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Exercise & Virtual Reality: Meet The Future!

Exercise & Virtual Reality: Meet The Future!

For a long time, the video game industry was seen as a passive activity that is totally incompatible with better physical fitness and well-being. Using video games and virtual reality to promote more physical activity is a whole new avenue in fitness and fitness. It is growing in popularity and will likely be brought to a gym or home near your home in the near future.

Virtual fitness, also known as VR Fitness, refers to the use of advanced virtual reality technology that creates a new fitness environment across the planet. These games use a circular headset that blocks any light visible from the outside and puts you at the center of a virtual world where you can play various activities and games including bowling, boxing shooting games and cognitive tests.

When you’re playing games that use VR to help with exercise, after you put on the headset and take out the wearable devices that talk to the game console, you’re ready to kick, punch and slide, cut, or sweeping through an exciting and engaging exercise that can help relieve the fatigue and boredom you feel with other traditional exercise alternatives.

When you use VR fitness equipment, the body acts as a controller; instead of sitting down and watching your avatar’s movements through the screen, as in traditional games, you perform the movements with your body that you would like to see as your virtual character transitions. That’s where fitness comes in.

Finding the fitness corner in VR

Aaron Stanton, founder and director of the San Francisco-based Virtual Reality Institute of Health and Exercise, an independent research and assessment firm created to investigate the health impacts of virtual and Augmented Reality and create a revolutionary VR fitness . The reason he got his first idea to start VR Institute comes from a trip to England some time ago.

He saw a government health ad with a picture of a child lying on a couch with the game controller in one hand and a blank look on his face. The headline read, “Risk To Die Young And Do Nothing About It,” Stanton recalls. “And this is the mental image most people have of video games. It’s that it’s a passive life.”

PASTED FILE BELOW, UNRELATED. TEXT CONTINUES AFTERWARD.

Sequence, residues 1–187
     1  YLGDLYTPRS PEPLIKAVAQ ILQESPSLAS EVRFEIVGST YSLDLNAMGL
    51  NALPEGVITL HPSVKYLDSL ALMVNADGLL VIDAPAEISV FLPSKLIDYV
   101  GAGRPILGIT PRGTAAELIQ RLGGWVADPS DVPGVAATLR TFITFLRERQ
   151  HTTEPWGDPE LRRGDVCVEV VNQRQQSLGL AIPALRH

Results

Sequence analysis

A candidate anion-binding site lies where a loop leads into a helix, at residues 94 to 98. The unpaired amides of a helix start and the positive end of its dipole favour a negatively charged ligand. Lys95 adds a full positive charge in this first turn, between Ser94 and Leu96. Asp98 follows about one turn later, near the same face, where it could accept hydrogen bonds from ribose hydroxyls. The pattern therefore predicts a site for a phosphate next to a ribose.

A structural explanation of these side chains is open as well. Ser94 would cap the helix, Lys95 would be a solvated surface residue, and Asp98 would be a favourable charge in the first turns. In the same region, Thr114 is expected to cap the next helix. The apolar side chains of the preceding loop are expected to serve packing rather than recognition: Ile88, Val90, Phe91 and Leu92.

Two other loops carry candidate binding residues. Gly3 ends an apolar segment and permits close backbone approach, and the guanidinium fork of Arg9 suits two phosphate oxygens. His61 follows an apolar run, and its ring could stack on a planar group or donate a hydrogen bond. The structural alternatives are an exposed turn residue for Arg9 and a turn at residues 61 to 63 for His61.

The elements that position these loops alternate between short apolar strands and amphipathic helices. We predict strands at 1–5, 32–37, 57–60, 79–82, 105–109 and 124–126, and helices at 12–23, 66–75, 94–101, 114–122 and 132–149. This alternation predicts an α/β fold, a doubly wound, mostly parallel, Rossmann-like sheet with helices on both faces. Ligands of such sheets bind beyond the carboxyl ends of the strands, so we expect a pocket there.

However, that is not always the case, according to the study. As Stanton has now proven, certain games can burn a significant amount of calories. Games designed to get you moving can be just as intense as the most intense spin classes or group exercise to burn calories and provide overall health benefits.

Stanton discovered this in 2016 while playing a video game known as Audioshield, which allows players to block musical notes with their bodies. The software he used, which records “how often” and the amount of time you spend playing different games. showed that I had played over 110 hours of Audioshield. Seeing this made me feel a little embarrassed. However, I’ve considered it and realized it feels like I’m working out. This makes my VR unit the most efficient fitness equipment I’ve ever bought. I’ve had treadmills and an elliptical and rowing machine, but I’ve never been able to spend more than 110 hours on them.”

Can video games be an exercise?

To test his theory, Stanton founded the VR Institute and approached kinesiology researchers at San Francisco State University. Jimmy Bagley, assistant professor of Kinesiology at SFSU, was one of the researchers who began exploring the possibility of using VR for exercise.

When they first interacted, Bagley did most of his work in human physiology, with a focus on muscle performance. He worked with athletes, seniors and people with chronic disabilities to understand how muscles perform and how to get the best out of it in any situation.

At first, Bagley thought using VR for exercise was an unintended gimmick. “I decided that when your heart rate rises, you may be scared or experiencing an impulse in the sympathetic nervous system, just like watching a movie. This doesn’t mean you’re working out.”

The team decided to try it out in the lab to find out what was going on. They used VO2 max equipment to test, which is an eye mask and a tube system that athletes wear while running or cycling until they exhaust themselves to assess their physical fitness when training at an elite level – they placed participants in the VR- systems and played various games .

SFSU researchers found that real, “moderate-to-vigorous intensity” exercise occurred when players played certain types of VR-based games, Bagley says.

They were able to quantify the exact calories consumed in different games. From there, the idea was born to review and rate various VR games to ensure that people who want to use VR for better fitness and well-being can make more informed decisions about how to use their playtime to achieve their fitness goals.

Making exercise attractive

“These games weren’t designed to be fitness-oriented in the first place,” Bagley says. Still, some games, such as Beat Saber and Supernatural, have built up a reputation over time as energy guzzlers and are immensely enjoyable and stimulating.

Beat Saber is a rhythm game where you cut beats with two sabers as they fly towards you. Supernatural takes players to beautiful, Instagram-worthy places to provide the backdrop for a quick, well-coached practice where bats swing to destroy targets flying toward your body as you crouch and move side to side to stay away from obstacles , just like Beat Saber.

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